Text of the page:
Wed | Aug 15, 2018

‘As smooth as silk’ - US officials applaud Jamaica for Obama's welcome

Published:Sunday | April 12, 2015 | 12:00 AMNadine Wilson-Harris
William Brown holds a copy of The Gleaner while awaiting President of the United States of America Barak Obama to pass on his way to the University of the West Indies last Thursday.
A small portion of the massive crowd which gatherd around Heroes Circle, awaiting the arrival of United States President Barack Obama last Thursday.

United States Ambassador to Jamaica Luis G. Moreno has voiced the absolute delight which he says both the White House and US State Department have for the level of preparation that was made for the hosting of President Barack Obama last week.

During an exclusive interview with The Sunday Gleaner, Moreno said the US president was touched by the expressions of love from Jamaicans, and was particularly impressed with the professionalism of the security forces during his less than 24 hours stay.

"I can tell you that many of the visitors from Washington - both the White House staff and from the State Department and even from our local embassy here - people were very, very touched by the outpouring (of love). Simply, the outpouring was magnificent," he said.

"In every one of these trips, there is always a little thing that goes wrong, a little detail or two, but you know what, unless you are intimately involved in the preparation and those details, you might notice it, but no one else does. The public doesn't notice it, the president doesn't notice it, and I can tell you that this went as smooth as silk," said the career diplomat.

Scores of Jamaicans lined the designated travel routes for the president last Wednesday and Thursday, some waiting for hours with no shelter from the sun, hoping to get a glimpse of the first black man to be elected president of the United States.

Jamaica's love for Obama was then reinforced by Prime Minister Portia Simpson Miller during talks at her office last Thursday, and hours later at the University of the West Indies, Mona campus, hundreds of students clamoured to shake his hand and possibly secure a selfie, despite the heavy presence of Secret Service officials.

Moreno said while he was personally touched by all of this he was not necessarily surprised.

"I totally anticipated that. Everyone knows how popular President Obama is in Jamaica. Everyone recalls seeing the images of people cheering in the streets and dancing and carrying on when he was elected and when he was re-elected.

"Just speaking to people from all parts of society, from all parts of Jamaica, from the prime minister to the people working in the supermarkets, the hotels and barber shops, the popularity of President Obama and what he represents for hope and for equality is really very clear," said Moreno.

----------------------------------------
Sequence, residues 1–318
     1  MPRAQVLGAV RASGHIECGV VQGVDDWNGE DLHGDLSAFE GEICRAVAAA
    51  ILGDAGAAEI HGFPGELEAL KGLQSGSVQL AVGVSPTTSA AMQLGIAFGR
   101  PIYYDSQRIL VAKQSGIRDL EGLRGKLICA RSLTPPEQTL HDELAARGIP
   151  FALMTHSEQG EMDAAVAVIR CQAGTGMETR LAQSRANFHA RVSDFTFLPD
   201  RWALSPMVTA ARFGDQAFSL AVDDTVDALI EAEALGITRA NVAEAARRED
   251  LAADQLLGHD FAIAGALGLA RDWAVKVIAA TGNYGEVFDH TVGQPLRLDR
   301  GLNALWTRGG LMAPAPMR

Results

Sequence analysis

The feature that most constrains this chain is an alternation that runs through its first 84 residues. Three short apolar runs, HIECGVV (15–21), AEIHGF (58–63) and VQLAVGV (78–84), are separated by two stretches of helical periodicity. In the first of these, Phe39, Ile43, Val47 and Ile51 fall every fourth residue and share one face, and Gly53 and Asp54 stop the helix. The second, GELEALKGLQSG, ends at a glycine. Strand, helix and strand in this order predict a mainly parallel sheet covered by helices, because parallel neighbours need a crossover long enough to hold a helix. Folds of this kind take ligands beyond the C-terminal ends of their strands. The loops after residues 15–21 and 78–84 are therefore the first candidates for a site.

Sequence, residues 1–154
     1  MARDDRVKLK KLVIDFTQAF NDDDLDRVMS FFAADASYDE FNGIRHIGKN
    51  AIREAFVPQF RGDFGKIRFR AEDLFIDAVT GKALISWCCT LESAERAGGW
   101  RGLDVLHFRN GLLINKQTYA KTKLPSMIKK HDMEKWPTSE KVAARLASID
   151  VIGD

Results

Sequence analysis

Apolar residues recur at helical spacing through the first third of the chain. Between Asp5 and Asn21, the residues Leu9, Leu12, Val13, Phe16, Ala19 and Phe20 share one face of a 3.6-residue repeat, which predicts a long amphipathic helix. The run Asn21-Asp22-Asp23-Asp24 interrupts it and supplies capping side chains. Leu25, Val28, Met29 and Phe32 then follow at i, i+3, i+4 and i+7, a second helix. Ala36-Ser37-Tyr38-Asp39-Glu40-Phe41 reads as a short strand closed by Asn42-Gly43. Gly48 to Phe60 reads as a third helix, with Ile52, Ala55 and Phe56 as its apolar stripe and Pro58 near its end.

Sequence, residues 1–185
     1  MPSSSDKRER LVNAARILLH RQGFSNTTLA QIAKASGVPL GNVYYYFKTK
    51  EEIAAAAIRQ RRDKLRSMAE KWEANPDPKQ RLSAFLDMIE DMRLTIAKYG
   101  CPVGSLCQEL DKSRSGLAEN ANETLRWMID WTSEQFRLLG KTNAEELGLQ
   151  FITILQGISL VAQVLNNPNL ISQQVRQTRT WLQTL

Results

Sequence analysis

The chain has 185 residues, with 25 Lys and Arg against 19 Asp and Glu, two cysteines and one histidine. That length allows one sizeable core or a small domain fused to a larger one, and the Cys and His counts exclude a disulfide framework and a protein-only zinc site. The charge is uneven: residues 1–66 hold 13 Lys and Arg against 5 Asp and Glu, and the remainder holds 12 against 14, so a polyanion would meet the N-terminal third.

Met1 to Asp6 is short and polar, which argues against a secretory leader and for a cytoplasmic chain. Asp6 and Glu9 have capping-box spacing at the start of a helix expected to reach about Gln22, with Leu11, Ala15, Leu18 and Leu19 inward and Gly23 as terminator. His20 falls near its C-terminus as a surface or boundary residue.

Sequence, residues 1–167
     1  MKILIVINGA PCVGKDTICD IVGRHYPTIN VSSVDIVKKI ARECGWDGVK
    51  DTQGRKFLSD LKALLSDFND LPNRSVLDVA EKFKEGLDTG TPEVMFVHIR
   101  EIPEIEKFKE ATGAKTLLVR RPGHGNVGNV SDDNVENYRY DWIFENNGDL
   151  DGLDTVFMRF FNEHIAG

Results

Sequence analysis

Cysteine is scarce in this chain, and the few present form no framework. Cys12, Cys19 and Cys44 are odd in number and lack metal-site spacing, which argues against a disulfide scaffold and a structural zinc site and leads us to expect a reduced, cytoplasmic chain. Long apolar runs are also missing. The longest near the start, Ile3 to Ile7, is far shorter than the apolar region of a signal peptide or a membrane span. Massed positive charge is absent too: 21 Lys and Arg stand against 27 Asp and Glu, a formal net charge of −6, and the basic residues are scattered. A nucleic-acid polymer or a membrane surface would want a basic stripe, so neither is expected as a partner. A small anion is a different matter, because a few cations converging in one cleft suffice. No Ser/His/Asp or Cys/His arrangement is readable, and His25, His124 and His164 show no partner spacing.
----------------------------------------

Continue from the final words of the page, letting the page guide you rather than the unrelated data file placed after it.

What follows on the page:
"One thing that President Obama did was show how in touch he was with the people of Jamaica, and that was a feeling that was kind of mutual. You could see the mutual respect and affection between the president and the Jamaican people. I think it was an amazing thing to watch and certainly one of the most privileged things I have been able to participate in during my 30-something-odd years of diplomatic services," said Moreno, who met Obama for the first time in Israel some years ago.

He said the security forces hit the biggest home run during the president's visit.

"I was speaking with a lot of the Secret Service guys who I have known for years and they said that working with the Jamaica Defence Force and the Jamaica Constabulary Force was among the best they have ever worked with, and their levels of professionalism were simply outstanding. The president even mentioned this to the prime minister," confided Moreno.

The ambassador believes Obama's visit to Jamaica has reinforced the importance of the country's leadership role in the Caribbean.

"I know there were some criticism about some of the things that happened, but remember, there were almost 700 people here supporting this trip that were here for almost a week or more, that actually contributed greatly to the local economy. They patronised all the restaurants; they were spending money in hotels and really helping the local economy quite a bit. I think people have a tendency to forget that," said Moreno.